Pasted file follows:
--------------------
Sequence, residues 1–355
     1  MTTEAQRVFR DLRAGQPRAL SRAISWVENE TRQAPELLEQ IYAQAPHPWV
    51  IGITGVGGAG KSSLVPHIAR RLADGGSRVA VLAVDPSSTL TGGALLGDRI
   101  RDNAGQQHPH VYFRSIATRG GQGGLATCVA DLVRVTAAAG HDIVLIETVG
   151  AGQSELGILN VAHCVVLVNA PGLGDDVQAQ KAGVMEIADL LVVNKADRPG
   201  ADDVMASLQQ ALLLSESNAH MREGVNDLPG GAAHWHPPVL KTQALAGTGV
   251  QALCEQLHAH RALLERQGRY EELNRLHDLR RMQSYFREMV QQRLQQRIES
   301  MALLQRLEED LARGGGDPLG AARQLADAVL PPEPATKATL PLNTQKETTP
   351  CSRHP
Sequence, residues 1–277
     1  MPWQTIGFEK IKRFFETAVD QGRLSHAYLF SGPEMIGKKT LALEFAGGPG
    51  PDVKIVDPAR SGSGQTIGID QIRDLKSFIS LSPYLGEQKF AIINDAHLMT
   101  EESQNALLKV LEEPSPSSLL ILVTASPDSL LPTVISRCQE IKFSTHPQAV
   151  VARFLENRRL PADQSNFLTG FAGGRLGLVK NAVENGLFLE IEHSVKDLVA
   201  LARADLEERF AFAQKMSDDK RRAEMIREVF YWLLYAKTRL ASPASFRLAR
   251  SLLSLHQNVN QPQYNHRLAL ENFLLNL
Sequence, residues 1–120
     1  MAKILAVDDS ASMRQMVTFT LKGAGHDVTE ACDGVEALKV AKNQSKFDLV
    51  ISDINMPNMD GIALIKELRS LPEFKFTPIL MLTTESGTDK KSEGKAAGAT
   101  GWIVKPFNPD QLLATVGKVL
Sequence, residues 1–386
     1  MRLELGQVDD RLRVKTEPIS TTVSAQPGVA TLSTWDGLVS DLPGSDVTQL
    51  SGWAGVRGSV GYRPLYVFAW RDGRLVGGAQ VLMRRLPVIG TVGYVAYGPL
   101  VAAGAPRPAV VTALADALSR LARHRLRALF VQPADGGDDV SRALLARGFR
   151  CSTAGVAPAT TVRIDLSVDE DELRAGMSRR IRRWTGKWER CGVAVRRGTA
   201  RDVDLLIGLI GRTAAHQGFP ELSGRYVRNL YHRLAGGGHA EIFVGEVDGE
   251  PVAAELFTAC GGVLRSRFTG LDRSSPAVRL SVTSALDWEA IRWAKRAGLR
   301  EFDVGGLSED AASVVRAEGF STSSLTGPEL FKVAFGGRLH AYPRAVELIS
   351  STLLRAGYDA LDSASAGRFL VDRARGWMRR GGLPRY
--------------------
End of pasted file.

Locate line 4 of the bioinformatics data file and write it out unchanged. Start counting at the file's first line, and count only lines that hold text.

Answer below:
   101  RDNAGQQHPH VYFRSIATRG GQGGLATCVA DLVRVTAAAG HDIVLIETVG